Are You Maximizing Your Service Department Income?

Your Service Department can and should be your best profit producing department in your dealership. Unfortunately this is not always the case, however there are a number of factors and hard targets you can review to identify any shortcomings you may be experiencing. Read More.

When analyzing dealer financial statements, there are a number of constants that begin to appear in the most successful and profitable dealers. The Service Department is no exception. First and foremost, you must ensure the accounting for the Service Department is done in a manner that is consistent with the industry. Your service technician wages should be separated from the company's salary expense and charged as a cost of goods sold so you can calculate a true gross margin. If you have a service writer I would include their wages as part of your salaries expense, not as a cost of goods sold for the department.

Now that you are comparing apples to apples within the industry, what other factors can you review to evaluate the profit produced in the service department?

  1. Door Rate: You should evaluate your labour rate on a regular basis, since this typically can be a moving target. Don't undervalue the quality of the service you provide your customers just because other local dealers may have a lower door rate.
  2. Efficiency Ratio: Probably the most important aspect of your service department is the number of billable hours you are achieving on a weekly basis. This can be a real eye opener when you compare the number of available billable hours to the number you have invoiced during the week. You simply take the number of hours your dealership is open during the week, less lunch hours and breaks, times the number of technicians you have working. For example, if your dealership is open for 8 hours a day and you have 2 Service Technicians who are allowed 30 minutes for lunch plus two 15 minute breaks, your billable hours for the week are 70.
  3. Service Volume: Statistics show your service volume has a direct relationship to the number of units you sell, the number of units operating in your market place and your desire to service other manufacturers product.
  4. Come Backs: If you have a high ratio of come backs due to service work that was not performed properly, this is a profit killer. You would therefore want to assess the level of your Technician's competence and provide training in any areas of weakness. Regardless of your come back ratio, always take advantage of the manufacturer service training schools. It is an investment in your profitability.
  5. Wage Format: If you have a busy shop but your efficiency ratio is low, then you may consider paying your Technicians on a job rate as opposed to hourly wage. The Technician is paid a percentage of the jobs he/she completes. This is the standard in the auto industry and is a great motivator to complete jobs on a timely basis freeing up the Technician to move on to the next work order. You would be amazed how fast your efficiency ratio goes up under this wage format. It's not for every dealership but certainly something to consider.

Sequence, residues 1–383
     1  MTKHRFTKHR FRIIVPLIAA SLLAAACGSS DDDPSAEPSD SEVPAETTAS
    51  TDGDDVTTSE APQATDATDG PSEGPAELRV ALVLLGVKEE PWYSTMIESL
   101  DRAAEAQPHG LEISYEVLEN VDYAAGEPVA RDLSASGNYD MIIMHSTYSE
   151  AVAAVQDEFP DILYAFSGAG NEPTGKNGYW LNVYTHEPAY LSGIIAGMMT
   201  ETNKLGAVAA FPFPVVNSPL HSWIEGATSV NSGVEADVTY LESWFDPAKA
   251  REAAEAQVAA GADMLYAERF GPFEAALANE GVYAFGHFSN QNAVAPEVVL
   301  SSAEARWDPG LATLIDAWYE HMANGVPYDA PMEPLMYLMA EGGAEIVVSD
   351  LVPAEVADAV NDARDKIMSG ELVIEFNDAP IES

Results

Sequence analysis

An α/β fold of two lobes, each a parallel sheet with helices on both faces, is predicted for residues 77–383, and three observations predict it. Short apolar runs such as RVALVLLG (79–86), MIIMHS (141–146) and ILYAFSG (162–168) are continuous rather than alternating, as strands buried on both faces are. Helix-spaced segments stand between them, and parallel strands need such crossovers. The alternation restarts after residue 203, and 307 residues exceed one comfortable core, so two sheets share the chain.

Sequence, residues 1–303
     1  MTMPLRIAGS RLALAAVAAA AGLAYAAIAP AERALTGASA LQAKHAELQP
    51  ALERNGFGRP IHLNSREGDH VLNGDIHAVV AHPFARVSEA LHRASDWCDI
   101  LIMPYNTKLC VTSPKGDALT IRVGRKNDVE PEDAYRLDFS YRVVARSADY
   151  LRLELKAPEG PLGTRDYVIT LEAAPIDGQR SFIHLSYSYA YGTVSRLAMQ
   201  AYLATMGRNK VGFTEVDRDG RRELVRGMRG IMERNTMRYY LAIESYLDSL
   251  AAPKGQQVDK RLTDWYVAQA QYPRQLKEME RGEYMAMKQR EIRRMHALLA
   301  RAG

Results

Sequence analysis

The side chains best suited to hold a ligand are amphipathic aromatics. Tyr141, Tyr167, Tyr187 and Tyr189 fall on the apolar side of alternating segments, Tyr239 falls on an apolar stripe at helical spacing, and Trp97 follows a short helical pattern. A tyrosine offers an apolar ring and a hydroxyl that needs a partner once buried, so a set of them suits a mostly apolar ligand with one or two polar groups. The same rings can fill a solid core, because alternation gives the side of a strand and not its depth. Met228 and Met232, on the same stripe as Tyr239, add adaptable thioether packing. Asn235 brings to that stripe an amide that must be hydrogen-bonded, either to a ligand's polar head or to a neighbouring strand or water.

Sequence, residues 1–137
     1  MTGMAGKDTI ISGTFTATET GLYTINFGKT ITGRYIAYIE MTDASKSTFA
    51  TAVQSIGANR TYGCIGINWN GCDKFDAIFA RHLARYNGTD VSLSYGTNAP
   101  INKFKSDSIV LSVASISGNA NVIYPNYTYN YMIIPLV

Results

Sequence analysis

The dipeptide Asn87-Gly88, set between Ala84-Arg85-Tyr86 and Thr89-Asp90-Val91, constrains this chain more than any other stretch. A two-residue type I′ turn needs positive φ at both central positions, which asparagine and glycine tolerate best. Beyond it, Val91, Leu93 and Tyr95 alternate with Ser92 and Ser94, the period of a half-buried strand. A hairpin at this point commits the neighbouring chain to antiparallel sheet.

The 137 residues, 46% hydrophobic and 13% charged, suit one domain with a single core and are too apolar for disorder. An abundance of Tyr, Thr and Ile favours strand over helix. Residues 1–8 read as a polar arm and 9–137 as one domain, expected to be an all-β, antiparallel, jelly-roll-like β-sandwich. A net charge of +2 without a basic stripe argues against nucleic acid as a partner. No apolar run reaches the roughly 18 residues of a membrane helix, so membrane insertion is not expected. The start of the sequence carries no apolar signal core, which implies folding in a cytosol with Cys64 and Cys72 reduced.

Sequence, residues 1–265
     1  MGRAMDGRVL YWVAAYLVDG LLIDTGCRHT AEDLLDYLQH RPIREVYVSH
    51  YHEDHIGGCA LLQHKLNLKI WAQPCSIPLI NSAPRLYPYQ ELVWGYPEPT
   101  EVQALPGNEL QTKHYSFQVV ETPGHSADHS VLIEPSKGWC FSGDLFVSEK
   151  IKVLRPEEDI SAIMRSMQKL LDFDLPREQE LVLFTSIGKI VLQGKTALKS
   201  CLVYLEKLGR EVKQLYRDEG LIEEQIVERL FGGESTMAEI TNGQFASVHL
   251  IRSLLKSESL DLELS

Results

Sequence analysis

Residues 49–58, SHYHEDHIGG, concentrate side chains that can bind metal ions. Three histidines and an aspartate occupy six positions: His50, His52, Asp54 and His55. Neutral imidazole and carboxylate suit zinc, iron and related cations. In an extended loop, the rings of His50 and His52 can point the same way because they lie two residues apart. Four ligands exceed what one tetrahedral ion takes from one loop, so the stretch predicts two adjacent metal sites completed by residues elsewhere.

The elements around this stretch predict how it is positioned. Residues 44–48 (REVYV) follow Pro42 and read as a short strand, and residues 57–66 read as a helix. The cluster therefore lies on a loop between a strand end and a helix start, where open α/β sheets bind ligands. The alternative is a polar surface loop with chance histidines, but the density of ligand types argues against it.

Obviously the higher number of actual billable hours you achieve, the better your efficiency ratio will be. The hard line on this comes when you calculate your profit margin. Typically profitable dealers are achieving a gross margin of 65% to 70% of gross sales in their Service Department. If your shop is always busy and you are achieving a gross margin that is considerably less than this, check your efficiency ratio. Are the jobs being completed within the warranty published allotted time? Heaven forbid is there too many smoke breaks going on out the back of the shop? Are parts available in stock to complete the job before it is started? These are all important things that should be consistently under review.

Coupled with your gross margin is your volume target. Again, profitable dealers are achieving a volume of 9% or more of gross sales. If your volume percentage is running less that this target, there are a few considerations you can look at. Are your customers satisfied with the work that has been performed? If you don't know, send out surveys to assess the quality of service you are providing. Focus some of your advertising dollars on oil change and tune up specials, winterizing, summerizing etc.

Finally, always take advantage of the training schools and courses that are made available to ensure you have the top Technicians in the market place. These are well invested dollars in the success of your Service Department.

At a gross margin of 70%, this is the best revenue earning department in your dealership, so do the test to make sure you are maximizing your profit potential. If you need or want help, contact me for a free consultation.

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